Current indicators — those that change at the same time that the overall economy shows signs of adjustment — continue to show strength in the fourth quarter as all indicators are outperforming 2012.
Retail Sales remains one of the top economic indicators because it illustrates the level of consumer spending and confidence in a community.
December saw more than $596 million in sales; and through the year, Lafayette retailers had more than $6.01 billion in sales. This is a 5.3 percent increase over 2012, and the highest-ever annual retail sales in Lafayette Parish. In fact, Lafayette reached the $6 billion milestone merely seven years after hitting the $5 billion mark in 2006. Seasonally adjusted sales for each month have only dipped under the 12-month moving average four times out of the last 47 months, reinforcing the upward trend in retail sales and a healthy amount of consumer confidence. Lafayette Parish Hotel/Motel Receipts also outperformed 2012 numbers. December receipts totaled $4.9 million and slightly outperformed 2012 by 1.8 percent. Year-end Hotel/Motel Receipts are 4.5 percent higher than the previous year. In October, Hotel/Motel Receipts had the second-highest month ever at $8.2 million. The performance of Retail Sales and Hotel/Motel Receipts continues to demonstrate the strength of the Lafayette hospitality market.
Non-Farm Employment in the Lafayette MSA is among the strongest indicators with 162,500 jobs. Nearly 18,500 jobs have been added since the end of the recession in 2010. Employment in Lafayette has increased 12.8 percent; while the national economy has added jobs at a slower rate of 6.8 percent since the recession ended. December had the highest employment level ever seen in the Lafayette MSA. As long as the indicators keep improving, look for local businesses to continue adding jobs.
Other current indicators such as Lafayette Regional Airport Enplanements and Average Home Sale Prices continue to show positive momentum. After second quarter enplanements marked the highest quarter ever, fourth quarter enplanements showed an expected holiday dip. Year-end enplanements totaled 236,264 — the highest ever and 2.3 percent higher than 2012. That is great news for the airport. The Average Home Sale Price of single family homes in Lafayette is also performing well, reflecting strong performances by other indicators. Year-end average sales price of a home was $179,984, 8.5 percent higher than the 2012 average price, $165,886. Despite some month-to-month volatility, the average sales price has been slowly growing since the beginning of 2012. The 12-month moving average has been climbing since late 2012, reinforcing the upward trend.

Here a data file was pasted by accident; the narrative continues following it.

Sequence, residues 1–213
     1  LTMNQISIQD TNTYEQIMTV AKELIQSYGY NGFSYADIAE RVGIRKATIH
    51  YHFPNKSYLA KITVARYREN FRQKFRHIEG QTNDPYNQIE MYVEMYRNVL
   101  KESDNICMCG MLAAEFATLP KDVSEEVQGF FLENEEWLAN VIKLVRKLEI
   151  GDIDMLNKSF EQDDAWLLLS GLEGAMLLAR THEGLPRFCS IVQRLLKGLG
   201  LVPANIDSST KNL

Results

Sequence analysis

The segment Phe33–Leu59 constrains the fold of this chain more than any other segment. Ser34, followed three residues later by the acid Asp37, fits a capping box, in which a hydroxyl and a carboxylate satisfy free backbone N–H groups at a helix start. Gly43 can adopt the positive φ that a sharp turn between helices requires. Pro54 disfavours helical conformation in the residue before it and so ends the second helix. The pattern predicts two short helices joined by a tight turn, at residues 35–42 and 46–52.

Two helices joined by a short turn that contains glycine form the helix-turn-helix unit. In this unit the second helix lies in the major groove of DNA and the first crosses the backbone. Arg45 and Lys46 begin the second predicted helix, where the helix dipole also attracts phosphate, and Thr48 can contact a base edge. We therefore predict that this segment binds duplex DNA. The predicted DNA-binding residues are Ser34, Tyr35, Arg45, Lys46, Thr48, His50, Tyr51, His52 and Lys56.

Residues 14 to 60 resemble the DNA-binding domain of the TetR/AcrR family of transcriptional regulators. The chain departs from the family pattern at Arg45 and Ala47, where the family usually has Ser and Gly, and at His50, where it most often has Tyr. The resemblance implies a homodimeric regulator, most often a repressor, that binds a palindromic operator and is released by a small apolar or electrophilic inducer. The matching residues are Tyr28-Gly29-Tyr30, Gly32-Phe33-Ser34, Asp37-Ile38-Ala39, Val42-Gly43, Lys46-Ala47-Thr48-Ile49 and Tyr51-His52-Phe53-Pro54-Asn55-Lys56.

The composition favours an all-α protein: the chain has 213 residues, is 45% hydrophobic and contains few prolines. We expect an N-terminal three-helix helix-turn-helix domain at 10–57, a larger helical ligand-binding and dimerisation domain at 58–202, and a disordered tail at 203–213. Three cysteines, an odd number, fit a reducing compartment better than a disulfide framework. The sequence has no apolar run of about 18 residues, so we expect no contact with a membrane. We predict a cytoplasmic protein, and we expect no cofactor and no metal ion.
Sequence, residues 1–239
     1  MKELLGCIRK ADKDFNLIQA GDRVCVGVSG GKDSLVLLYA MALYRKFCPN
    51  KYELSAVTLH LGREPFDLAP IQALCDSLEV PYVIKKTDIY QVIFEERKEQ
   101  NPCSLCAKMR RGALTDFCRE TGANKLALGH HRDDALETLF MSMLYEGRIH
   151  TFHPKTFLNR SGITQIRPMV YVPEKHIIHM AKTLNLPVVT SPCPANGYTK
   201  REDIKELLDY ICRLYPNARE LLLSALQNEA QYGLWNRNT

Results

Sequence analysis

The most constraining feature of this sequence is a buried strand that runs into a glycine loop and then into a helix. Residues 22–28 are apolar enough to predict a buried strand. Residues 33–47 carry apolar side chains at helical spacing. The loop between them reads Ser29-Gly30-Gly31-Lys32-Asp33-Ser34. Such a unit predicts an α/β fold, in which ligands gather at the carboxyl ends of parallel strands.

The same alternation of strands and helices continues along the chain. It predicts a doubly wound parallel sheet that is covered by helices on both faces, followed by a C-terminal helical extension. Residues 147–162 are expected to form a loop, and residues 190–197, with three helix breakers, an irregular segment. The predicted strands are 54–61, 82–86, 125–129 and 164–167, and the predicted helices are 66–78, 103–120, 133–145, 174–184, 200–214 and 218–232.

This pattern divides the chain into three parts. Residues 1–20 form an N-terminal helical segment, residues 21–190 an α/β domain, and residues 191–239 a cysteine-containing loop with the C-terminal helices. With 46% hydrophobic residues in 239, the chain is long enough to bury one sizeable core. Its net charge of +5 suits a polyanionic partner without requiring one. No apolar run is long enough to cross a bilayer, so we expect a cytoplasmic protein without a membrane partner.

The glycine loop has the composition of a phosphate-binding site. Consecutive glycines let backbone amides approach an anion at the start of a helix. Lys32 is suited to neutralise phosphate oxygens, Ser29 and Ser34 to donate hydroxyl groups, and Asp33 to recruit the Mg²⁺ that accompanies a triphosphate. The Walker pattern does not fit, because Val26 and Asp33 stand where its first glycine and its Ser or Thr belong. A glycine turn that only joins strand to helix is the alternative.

The fourth quarter saw the lagging indicators — those changing three to six months after the overall economy adjusts — continuing to align themselves with the healthy leading and current indicators.
Lafayette’s non-seasonally adjusted unemployment rate in December was 3.2 percent, tied for second lowest in the state. The year-end average unemployment rate is a healthy 4.6 percent, the same as in 2012. In addition to having one of the lowest unemployment rates in the state and country, the length of unemployment in Lafayette Parish continues to be shorter than in most areas of the country. The average duration of unemployment for the fourth quarter in Louisiana is almost 16 weeks — slightly longer than the 15-week average in fourth quarter 2012. The average duration of unemployment has continued to trend downward since the high in early 2010.
Bankruptcy filings in the Western District of Louisiana have continued to improve with only 703 bankruptcies filed in December, down 41 from November. Year-end bankruptcies (10,388) are lower than 2012 (10,390), and are down significantly from the high in 2009 (12,350).
There were 111 rigs on and offshore in Louisiana last December, which is up from the 109 rigs in December 2012. Louisiana Rig Counts is the only lagging indicator that has not shown considerable improvement in the past few years. This year marked the lowest average count since we started collecting the data in 1997. The underwhelming number of rigs, impacted by the decrease in onshore rigs in the Haynesville Shale area, is the result of falling natural gas prices and the lack of desirable wet gas in the play. On a positive note, natural gas prices have risen this year and closed out in December at $4.24/MMBtu. The higher natural gas prices could positively affect rig counts further down the line, but in the meantime this indicator continues to look murky. The industry would be boosted considerably if the price of natural gas would surpass what the Wall Street Journal calls the “psychologically key mark” of $4/MMBtu and stay there.
In December, the offshore rig count increased to 54, up from the low of 14 in 2010. Though offshore and north Louisiana rig counts are sending mixed signals, the offshore rig counts signal optimism. With the price per barrel of crude oil holding strong, companies may again feel comfortable with more investment and exploration, which is good news to Louisiana and especially Lafayette Parish.